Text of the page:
Weekend Roundup: ‘Farmville’ For Real

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The company that created the online game “Farmville” has filed an initial public offering that could raise $1 billion and value the company at up to $20 billion.

The Yonder notes that this puts the value of the company that makes “Farmville,” the game, at more than one hundred times what the last Farm Bill contained in mandatory spending for rural development, the real thing. 

• Rural Americans can learn something from Thailand. The New York Times’ Thomas Fuller reports ahead of the Thai elections Sunday: 

Once passive and fatalistic, villagers are now better educated, more mobile, less deferential and ultimately more politically demanding.

Researchers who study rural life say villages like Baan Nong Tun may be ground zero for understanding why Thailand’s political crisis — warring political factions, five years of street protests and violent military crackdowns — has been so intractable. The old social contract, whereby power flowed from Bangkok and the political establishment could count on quiet acquiescence in the Thai countryside, has broken down.

Villagers describe a sort of democratic awakening in recent years and say they are no longer willing to accept a Bangkok-knows-best patriarchal system. It is an upheaval that has been ill-understood by the elites, said Attachak Sattayanurak, a history professor at Chiang Mai University, in northern Thailand.

“The old establishment and the Thai state have a picture of an agrarian society frozen in time,” he commented on a television program that aired in June. “They maintain a picture of local people as well-behaved and obedient, which in fact they aren’t. Peasant society doesn’t exist anymore.

“If the country’s leaders do not understand these changes, they will not be able to solve our problems,” Mr. Attachak said.

The change began in rural Thailand in the 1990s, Fuller reports, when the government introduced a system of local councils. As the councils debated projects and budgets, rural Thais grew less deferential and more vocal. They got the “sense that they could control their own political destiny,” said one villager. 

The old hierarchies disappeared and people began to speak their minds. The result is that the election Sunday will be won or lost in rural Thailand.

• The USDA finds that farmers have increased their corn acreage by five percent, and that has some people thinking that the rise in food prices may be ready to slow, or even stop. 

Farmers have planted 92.3 million acres, five percent higher than last year and nine percent higher than the average of the last decade. After the ag department announced the increase in acreage, hog and cattle prices dropped in anticipation of cheaper feed.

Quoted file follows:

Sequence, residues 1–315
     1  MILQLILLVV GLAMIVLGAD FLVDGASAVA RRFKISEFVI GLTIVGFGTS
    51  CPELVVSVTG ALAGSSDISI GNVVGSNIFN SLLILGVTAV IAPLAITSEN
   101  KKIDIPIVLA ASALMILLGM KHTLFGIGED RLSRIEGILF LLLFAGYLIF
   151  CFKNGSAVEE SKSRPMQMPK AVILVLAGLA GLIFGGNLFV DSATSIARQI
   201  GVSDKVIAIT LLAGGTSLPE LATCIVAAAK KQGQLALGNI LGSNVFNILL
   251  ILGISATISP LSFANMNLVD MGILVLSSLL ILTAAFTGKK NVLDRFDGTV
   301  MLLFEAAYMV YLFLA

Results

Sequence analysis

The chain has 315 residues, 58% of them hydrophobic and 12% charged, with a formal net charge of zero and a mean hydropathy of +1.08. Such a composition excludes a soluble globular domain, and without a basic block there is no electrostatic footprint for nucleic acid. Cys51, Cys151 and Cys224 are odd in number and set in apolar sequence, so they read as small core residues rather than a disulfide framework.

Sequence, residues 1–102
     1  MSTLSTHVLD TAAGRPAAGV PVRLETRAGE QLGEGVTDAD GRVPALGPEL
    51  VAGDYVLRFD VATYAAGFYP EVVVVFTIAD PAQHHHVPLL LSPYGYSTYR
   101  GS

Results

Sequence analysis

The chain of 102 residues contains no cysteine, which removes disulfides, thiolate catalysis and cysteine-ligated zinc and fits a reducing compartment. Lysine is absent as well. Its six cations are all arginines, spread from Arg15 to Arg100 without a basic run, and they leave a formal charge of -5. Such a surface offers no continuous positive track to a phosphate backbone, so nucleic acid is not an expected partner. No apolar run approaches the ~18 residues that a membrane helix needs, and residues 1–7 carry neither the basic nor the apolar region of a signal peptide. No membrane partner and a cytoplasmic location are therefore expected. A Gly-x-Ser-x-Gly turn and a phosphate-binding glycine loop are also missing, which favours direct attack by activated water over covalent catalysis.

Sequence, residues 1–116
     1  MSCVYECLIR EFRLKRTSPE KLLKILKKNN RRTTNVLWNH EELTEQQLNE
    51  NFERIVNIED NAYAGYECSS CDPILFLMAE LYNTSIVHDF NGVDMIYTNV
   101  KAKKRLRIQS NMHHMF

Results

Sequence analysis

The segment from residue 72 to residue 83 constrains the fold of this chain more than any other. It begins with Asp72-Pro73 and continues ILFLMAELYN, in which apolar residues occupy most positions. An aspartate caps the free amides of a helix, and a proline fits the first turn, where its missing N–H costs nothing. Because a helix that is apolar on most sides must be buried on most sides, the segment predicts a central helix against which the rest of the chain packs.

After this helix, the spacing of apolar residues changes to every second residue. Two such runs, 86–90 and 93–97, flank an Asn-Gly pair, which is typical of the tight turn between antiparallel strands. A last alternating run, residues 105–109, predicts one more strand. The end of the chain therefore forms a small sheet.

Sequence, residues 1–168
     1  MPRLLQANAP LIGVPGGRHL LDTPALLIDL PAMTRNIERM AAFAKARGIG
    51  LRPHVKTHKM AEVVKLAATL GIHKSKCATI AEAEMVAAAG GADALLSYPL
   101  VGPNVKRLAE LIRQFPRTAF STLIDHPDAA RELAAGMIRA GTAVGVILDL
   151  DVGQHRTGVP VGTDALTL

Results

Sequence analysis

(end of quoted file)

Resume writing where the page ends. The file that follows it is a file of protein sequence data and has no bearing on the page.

Corn prices dropped late in the week to $6.21 a bushel, down from nearly $8 in June. 

•USA Today reports that the housing market is “turning around in several rural states.” 

States such as the Dakotas, Iowa and Alaska didn’t have big runups in their housing prices and as a result their markets are “less of a mess,” according to analysts. 

Matt Chase, with the National Association of Development Organizations, likes the attention being paid to rural development by the White House, the Global Clinton Initiative and the Council on Foundations. 

Land flooded by the Missouri River may not be ready to be planted next year, given the length of the inundation. 

“Given the prolonged nature of this flooding, it appears it will be many years before the land will return to its previous productivity, if at all,” Nebraska Farm Bureau’s Jay Rempe told DTN. 

• The White House will honor “Champions of Change” and is asking for nominations of people “doing extraordinary things to make a difference in your community.” Nominate here

•The Washington Post has a good rundown of the drive-in movies found on U.S. 11 as it parallels I-81 through western Virginia. 

• The drought in Texas may end with a record number of Texas cotton growers abandoning their crops. 

AP reports that 55% of the state’s cotton fields were in poor or very poor condition by late June. In the High Plains region which produces two-thirds of the state’s cotton, half the crop may be abandoned, the highest percentage since 1992, when 53% of the crop was left in the fields. 

Cotton futures have doubled in the past year and large apparel makers are cutting their profit outlooks.

 

 

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